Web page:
foreign policy

Rising Powers and Order Contestation: Disaggregating the Normative from the Representational

Edward Newman and Benjamin Zala, ‘Rising Powers and Order Contestation: Disaggregating the Normative from the Representational’, Third World Quarterly, online, 8 November 2017.

Life after the Bangkok blast

The slaughter of innocent people in Bangkok last week was a shocking event. But its immediate political and social implications are probably limited.

Australia must be dexterous in its ties with Trump's America

Australia must deal now with an inexperienced American leadership inclined to reject expertise. Intelligence chiefs have been removed from the most important decision-making apparatus, the National Security Council, and replaced with ideologues. The potential for grave errors of judgment appears greater than in years.

Risk and imagination in the Trump era

Although the Australia-US alliance is a relationship of longstanding mutual benefit, Canberra now needs to take very seriously the possibility of its ally devising plans that are not well matched to the risks the nation now faces, Greg Raymond writes.

Obama's foreign policy legacy in three quotes

After the Bush administration, many believed that President Obama would bring stability to the global order with a fusion of eloquent rhetoric, a preference for multilateralism and a cautious approach to exercising the politico-military capabilities of the world’s sole superpower. For little more than that promise, it seems, Obama would be awarded the 2009 Nobel Peace Prize. Fast-forward to the end of the Obama era and the global security environment is more volatile than it has been in decades: Russian influence is surging in the Middle East and Europe, wars ravage civilian populations in Syria, Yemen and Iraq, waves of migrants are straining EU unity, while the jihadist threat has metastasised. It’s a legacy, fairly or otherwise, that may come to be defined by three quotes.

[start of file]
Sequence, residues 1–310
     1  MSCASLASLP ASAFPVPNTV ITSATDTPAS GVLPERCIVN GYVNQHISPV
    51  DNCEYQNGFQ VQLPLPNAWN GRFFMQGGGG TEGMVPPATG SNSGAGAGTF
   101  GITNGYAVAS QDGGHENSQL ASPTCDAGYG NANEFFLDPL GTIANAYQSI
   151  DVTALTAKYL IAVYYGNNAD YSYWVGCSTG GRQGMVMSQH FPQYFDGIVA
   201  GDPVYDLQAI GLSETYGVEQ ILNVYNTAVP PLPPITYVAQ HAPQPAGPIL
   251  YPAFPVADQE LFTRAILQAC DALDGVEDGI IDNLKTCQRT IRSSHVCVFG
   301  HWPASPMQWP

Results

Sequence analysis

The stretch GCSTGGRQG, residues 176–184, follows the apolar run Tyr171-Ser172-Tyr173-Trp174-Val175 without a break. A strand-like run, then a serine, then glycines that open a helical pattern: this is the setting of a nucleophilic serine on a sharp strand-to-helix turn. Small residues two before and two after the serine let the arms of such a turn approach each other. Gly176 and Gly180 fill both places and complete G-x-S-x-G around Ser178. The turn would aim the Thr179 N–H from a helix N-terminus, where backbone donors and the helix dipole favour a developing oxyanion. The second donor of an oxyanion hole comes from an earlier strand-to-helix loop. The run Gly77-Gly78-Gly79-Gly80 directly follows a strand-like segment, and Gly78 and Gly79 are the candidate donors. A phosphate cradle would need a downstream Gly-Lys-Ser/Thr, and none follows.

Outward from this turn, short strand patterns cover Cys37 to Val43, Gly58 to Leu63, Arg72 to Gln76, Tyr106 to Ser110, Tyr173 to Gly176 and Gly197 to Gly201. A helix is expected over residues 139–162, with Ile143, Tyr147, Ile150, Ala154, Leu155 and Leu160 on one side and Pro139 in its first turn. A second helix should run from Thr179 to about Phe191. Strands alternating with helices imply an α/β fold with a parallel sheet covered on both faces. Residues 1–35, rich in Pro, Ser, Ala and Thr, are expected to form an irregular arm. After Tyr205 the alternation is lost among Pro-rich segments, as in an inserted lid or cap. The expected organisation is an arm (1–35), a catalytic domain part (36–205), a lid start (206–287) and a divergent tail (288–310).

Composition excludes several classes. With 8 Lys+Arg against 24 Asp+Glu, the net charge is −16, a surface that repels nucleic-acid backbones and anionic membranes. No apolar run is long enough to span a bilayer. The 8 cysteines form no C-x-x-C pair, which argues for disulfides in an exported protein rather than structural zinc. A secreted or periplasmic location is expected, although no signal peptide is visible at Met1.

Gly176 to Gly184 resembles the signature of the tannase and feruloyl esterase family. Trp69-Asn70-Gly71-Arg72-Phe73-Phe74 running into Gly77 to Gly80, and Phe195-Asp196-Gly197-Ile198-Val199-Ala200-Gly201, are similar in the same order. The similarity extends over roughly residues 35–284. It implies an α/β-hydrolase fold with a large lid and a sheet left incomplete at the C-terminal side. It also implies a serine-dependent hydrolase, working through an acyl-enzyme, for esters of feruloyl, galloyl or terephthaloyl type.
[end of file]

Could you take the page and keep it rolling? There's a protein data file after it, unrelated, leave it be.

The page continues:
The Pivot, Past And Future

Obama’s signature foreign policy initiative is in (largely homegrown) trouble.

A global role smashed by US voters

Now we know. For 20 years Australians have been happy to assume that America had the strength and resolve to remain the world's leading power. In particular, our leaders have assured us that we can rely on America's power and judgment to manage China's rise, to keep Asia stable and Australia safe. But now we know that America is not the country we thought it was.

Australian Aid after the ‘Golden Consensus’: From Aid Policy to Development Policy?

Benjamin Day, ‘Australian Aid after the ‘Golden Consensus’: From Aid Policy to Development Policy?’, Australian Journal of International Affairs, 70(6) 2016: 641-56.

Who drafts the foreign policy white paper?

Australia’s first foreign policy white paper in 13 years is on its way, Foreign Minister Julie Bishop said last month, adding meat to an election promise to deliver a “contemporary and comprehensive foreign policy strategy within 12 months of the election”.

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